Why hundred people of Grand Canyon tourists suddenly getting sick?


Why are hundreds of people of Grand Canyon tourists suddenly getting sick?

While hiking in Grand Canyon National Park, Kristi Key found a disturbing site: four hikers resting on the side of the road, looking a little worse when dressed. After learning that two hikers had spent the previous night vomiting violently, Key offered to call the rescue team, but the group refused. But she saw them sitting in the same spot on the return trip, with a hiker still tossing pieces; she knew it was time to ask for help.

Eventually, a helicopter appeared, bringing the sickly sick man to safety. But the experience stuck with Key, that she's walked hundreds of miles in the Grand Canyon and has never encountered hikers whose illness has nothing to do with drought or heat until now. After a member of the unlucky group fell ill later that day, Key began to suspect that a virus was to blame.

Key isn't alone in her story of nauseous woe, as Grand Canyon National Park is currently experiencing an outbreak of a gastrointestinal disease very similar to norovirus. This illness can cause vomiting, diarrhea, cramping, body aches, and mild fever. 

 CDC declared norovirus is "very contagious," and anyone can become infected — the disease can be spread by contact with a sick person, contact with a contaminated surface, or ingestion of contaminated food or drink. While symptoms can become very alarming, norovirus rarely results in death or severe illness.

By June 10, the park knew of 118 people who had contracted the gastrointestinal virus, Grand Canyon News reported. The infection spread to 16 different rides on the Colorado River and into the outback.

Most illnesses were recorded in May, and the latest case was reported on June 2. According to Jan Balsum, chief of communications, partnerships, and external affairs at Grand Canyon National Park's superintendent's office, celiac virus alerts have been issued since May 20.

"We haven't seen this kind of outbreak in about ten years," Balsum said. Balsam herself experienced what she described as an "unusual" prevalence of digestive problems when a woman on a river cruise she recently attended contracted a stomach virus less than 12 hours into the trip. However, the woman does not know whether she has norovirus or another disease, a predicament that illustrates many of the difficulties in investigating the outbreak.

There is a limited amount of time during which stool samples can be collected to confirm norovirus infection, Balsum said. River cruises usually last that critical period, so it is often impossible to accurately diagnose an individual's illness.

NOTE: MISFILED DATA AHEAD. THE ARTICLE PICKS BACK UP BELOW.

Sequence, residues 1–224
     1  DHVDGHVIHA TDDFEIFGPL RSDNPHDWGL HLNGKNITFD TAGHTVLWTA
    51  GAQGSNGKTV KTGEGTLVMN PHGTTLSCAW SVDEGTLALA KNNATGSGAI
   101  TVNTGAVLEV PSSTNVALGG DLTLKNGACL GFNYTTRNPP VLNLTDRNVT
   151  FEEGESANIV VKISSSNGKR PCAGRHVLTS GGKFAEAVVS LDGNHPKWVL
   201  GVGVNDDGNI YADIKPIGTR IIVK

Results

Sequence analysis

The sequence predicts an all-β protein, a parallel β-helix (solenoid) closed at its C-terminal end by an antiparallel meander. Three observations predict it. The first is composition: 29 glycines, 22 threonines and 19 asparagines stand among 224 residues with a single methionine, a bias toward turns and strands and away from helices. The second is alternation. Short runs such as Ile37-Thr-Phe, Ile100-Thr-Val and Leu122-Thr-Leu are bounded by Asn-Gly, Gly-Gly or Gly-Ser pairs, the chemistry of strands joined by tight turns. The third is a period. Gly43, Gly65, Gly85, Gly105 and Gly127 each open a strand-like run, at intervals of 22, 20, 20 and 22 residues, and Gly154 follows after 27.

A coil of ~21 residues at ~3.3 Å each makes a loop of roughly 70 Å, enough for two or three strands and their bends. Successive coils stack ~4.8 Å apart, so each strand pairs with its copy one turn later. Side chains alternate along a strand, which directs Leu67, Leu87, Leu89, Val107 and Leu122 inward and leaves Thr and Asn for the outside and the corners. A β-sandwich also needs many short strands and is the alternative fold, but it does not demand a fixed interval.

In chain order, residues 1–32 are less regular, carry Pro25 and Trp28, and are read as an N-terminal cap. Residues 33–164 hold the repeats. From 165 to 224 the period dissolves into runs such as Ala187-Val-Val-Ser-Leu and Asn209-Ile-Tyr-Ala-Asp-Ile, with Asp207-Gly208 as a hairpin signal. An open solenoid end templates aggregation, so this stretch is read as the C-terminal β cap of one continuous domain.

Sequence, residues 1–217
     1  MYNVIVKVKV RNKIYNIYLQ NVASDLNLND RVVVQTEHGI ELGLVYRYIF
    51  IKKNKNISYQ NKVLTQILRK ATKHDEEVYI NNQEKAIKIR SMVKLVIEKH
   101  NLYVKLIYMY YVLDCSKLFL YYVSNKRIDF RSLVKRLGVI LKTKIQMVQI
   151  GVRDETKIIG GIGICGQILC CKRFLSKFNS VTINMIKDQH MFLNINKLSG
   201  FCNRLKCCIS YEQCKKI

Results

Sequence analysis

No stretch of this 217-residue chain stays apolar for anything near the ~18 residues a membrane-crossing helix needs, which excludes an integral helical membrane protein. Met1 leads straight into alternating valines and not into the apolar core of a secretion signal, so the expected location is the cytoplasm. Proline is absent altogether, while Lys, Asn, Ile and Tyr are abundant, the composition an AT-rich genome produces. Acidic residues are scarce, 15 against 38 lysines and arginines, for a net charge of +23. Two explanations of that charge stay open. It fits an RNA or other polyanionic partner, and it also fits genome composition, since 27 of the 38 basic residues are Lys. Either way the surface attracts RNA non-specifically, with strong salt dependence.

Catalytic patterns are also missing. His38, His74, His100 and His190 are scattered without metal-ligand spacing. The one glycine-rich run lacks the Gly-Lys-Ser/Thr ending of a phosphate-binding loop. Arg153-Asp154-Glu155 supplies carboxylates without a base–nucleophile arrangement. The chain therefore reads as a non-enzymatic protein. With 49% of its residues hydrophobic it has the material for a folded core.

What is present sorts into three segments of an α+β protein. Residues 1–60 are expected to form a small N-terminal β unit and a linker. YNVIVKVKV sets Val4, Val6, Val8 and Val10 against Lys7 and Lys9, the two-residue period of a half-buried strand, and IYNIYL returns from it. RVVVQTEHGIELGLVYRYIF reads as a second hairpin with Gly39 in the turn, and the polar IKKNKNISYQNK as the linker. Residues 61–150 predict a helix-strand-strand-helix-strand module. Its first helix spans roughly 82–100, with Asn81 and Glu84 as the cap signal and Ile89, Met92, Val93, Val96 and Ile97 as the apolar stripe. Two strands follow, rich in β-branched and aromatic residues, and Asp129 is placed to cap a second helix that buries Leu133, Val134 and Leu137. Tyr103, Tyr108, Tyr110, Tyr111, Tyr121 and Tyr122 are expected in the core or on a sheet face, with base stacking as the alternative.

The park asks visitors to ensure their water isn't just filtered because point-of-use filters do not kill norovirus. They must be chemically disinfected or boiled. It also asks visitors not to drink from waterfalls, ponds, or streams.

A public health team made up of a variety of state and federal offices is investigating the outbreak. Belsoum explained that the Colorado River and the country are unconnected regions, adding to the ambiguity of the cases.

"[Officials] were following up on interviews with the flight participants who got sick," Balsam said. "They were taking stool scans to try to determine if that was the case or not."

 An official with the National Park Service's Office of Public Health described the outbreak as a "rising intestinal disease" and said the investigation "will consider all potential sources. The source of the disease is unknown at this time."

People have taken to social media to share their stories of flights taken due to vomiting and have long posted stories of hikes that went wrong.

One man wrote of vomiting in the middle of the night, with the bout of nausea lasting from 1 am to 5 am.

He wrote, "Let me tell you, being sick and weak and hiking 1,200 feet in 1.5 miles is not a movement."

In another message posted in May in the "Grand Canyon Hikers" Facebook group, a woman notified others of the norovirus outbreak. She described the illness soon after she left the valley.

"I couldn't have hiked or taken care of myself if I had started vomiting in the valley," she wrote. GC public health officials are following up on the situation. It looks like a big one."

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